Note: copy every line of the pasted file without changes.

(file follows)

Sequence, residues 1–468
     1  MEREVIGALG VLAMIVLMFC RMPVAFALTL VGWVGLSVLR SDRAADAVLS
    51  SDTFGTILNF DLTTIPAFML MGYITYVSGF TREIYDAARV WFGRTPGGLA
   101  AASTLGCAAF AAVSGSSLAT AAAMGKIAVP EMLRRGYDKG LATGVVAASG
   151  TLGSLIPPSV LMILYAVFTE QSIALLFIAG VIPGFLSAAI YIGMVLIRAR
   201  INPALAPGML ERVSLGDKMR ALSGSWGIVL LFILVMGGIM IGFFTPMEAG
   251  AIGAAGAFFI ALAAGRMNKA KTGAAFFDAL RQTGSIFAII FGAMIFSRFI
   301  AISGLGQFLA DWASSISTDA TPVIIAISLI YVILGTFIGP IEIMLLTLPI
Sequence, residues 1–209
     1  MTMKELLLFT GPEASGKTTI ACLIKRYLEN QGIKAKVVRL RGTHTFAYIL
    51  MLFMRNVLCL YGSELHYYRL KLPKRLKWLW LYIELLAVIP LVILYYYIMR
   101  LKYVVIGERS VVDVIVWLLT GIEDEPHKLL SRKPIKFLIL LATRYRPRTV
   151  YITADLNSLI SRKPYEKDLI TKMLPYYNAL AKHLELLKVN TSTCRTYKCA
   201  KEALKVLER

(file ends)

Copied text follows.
Sequence, residues 1–468
     1  MEREVIGALG VLAMIVLMFC RMPVAFALTL VGWVGLSVLR SDRAADAVLS
    51  SDTFGTILNF DLTTIPAFML MGYITYVSGF TREIYDAARV WFGRTPGGLA
   101  AASTLGCAAF AAVSGSSLAT AAAMGKIAVP EMLRRGYDKG LATGVVAASG
   151  TLGSLIPPSV LMILYAVFTE QSIALLFIAG VIPGFLSAAI YIGMVLIRAR
   201  INPALAPGML ERVSLGDKMR ALSGSWGIVL LFILVMGGIM IGFFTPMEAG
   251  AIGAAGAFFI ALAAGRMNKA KTGAAFFDAL RQTGSIFAII FGAMIFSRFI
   301  AISGLGQFLA DWASSISTDA TPVIIAISLI YVILGTFIGP IEIMLLTLPI
Sequence, residues 1–209
     1  MTMKELLLFT GPEASGKTTI ACLIKRYLEN QGIKAKVVRL RGTHTFAYIL
    51  MLFMRNVLCL YGSELHYYRL KLPKRLKWLW LYIELLAVIP LVILYYYIMR
   101  LKYVVIGERS VVDVIVWLLT GIEDEPHKLL SRKPIKFLIL LATRYRPRTV
   151  YITADLNSLI SRKPYEKDLI TKMLPYYNAL AKHLELLKVN TSTCRTYKCA
   201  KEALKVLER